How love makes you healthy
For all of us who are romantics at heart, February 14th is the one day of the year that allows us to really indulge in the soppy love antics that might otherwise be considered a little excessive any other day.
In the weeks leading up to Valentine’s Day, there is a massive build-up of excitement and curiosity as we try to figure out just how we can prove the love we have for our partner in the form of gifts and romantic dates, and how they will do the same.
But the boxes of heart-shaped chocolates, bunches of red roses, beautiful candlelit meals and physical contact to show our affection that occurs perhaps a little more frequently than a random day in September, do more for us than put a smile on our face and make our insides feel warm and fuzzy. Love makes us healthy and here’s how:
There’s nothing quite like a good hug with a loved one, especially when the hormone that is released when you embrace someone you care about has great health benefits. A recent study undertaken by the Medical University of Vienna found that the release of oxytocin by the pituitary gland can lower stress, anxiety and blood pressure, as well as boost memory and promote overall wellbeing. Furthermore, the greater the level of trust present in the relationship, the higher the level of “the love hormone” found in the body, meaning the more positive effects on your health.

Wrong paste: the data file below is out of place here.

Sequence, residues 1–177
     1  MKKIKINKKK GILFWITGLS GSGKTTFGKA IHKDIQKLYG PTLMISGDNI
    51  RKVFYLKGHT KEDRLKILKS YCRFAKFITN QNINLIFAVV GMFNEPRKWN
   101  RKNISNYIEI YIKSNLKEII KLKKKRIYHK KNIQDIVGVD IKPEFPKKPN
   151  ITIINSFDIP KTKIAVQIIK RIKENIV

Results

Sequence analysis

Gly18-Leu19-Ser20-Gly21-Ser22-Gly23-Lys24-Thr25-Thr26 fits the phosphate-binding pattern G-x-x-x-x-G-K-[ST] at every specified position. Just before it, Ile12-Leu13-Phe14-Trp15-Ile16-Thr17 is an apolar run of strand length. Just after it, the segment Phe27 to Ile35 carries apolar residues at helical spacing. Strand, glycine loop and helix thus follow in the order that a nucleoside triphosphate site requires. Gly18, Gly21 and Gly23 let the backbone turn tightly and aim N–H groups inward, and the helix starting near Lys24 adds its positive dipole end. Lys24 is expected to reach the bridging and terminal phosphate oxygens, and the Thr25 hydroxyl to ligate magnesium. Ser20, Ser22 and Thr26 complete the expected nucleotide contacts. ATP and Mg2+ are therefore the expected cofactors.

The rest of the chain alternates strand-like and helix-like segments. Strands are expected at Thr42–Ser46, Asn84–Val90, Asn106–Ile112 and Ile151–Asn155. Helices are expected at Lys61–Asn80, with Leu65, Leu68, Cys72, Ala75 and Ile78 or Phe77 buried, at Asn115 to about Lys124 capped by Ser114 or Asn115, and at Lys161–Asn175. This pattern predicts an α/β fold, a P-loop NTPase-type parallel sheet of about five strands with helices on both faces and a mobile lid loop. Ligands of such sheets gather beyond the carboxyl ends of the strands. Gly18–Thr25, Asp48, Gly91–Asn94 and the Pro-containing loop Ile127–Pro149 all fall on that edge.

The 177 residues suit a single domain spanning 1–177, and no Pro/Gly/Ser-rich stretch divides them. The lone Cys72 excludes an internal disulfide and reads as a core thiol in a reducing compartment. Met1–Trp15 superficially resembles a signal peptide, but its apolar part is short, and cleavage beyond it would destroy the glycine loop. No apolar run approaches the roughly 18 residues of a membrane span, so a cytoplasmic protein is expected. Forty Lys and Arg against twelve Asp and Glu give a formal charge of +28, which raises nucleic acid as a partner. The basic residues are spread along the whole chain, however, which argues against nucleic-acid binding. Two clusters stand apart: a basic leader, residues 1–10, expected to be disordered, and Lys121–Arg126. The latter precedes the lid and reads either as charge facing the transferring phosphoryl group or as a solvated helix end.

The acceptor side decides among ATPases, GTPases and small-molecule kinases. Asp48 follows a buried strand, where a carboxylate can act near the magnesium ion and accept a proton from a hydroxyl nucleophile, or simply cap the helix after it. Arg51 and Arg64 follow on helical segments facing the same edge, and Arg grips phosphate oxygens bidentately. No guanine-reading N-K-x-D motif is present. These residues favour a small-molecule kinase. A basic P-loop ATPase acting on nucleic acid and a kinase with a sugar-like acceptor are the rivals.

Similarly, locking lips with a loved one also increases the levels of oxytocin found in the body, and thus has the same health benefits as cuddling. But other research has shown that a kiss lowers the amount of cortisol found in the blood and in one’s saliva, indicating a reduction in stress levels and blood pressure.
Having someone you feel comfortable talking to about your feelings, your worries and hopes, means you have an outlet for your emotions, ultimately leading to reduced stress. Furthermore, being able to laugh with your partner has obvious health benefits, particularly through the release of endorphins.
A sexy escapade or two not only helps relax and de-stress (along with burning a few calories), but is reported to help boost your immune system and fight off germs - as long as your partner is not already sick. Sex also encourages the release of the hormone prolactin, which promotes a better night's sleep, and ultimately, higher energy levels and reduces pain.
Words by Courtney Deeth
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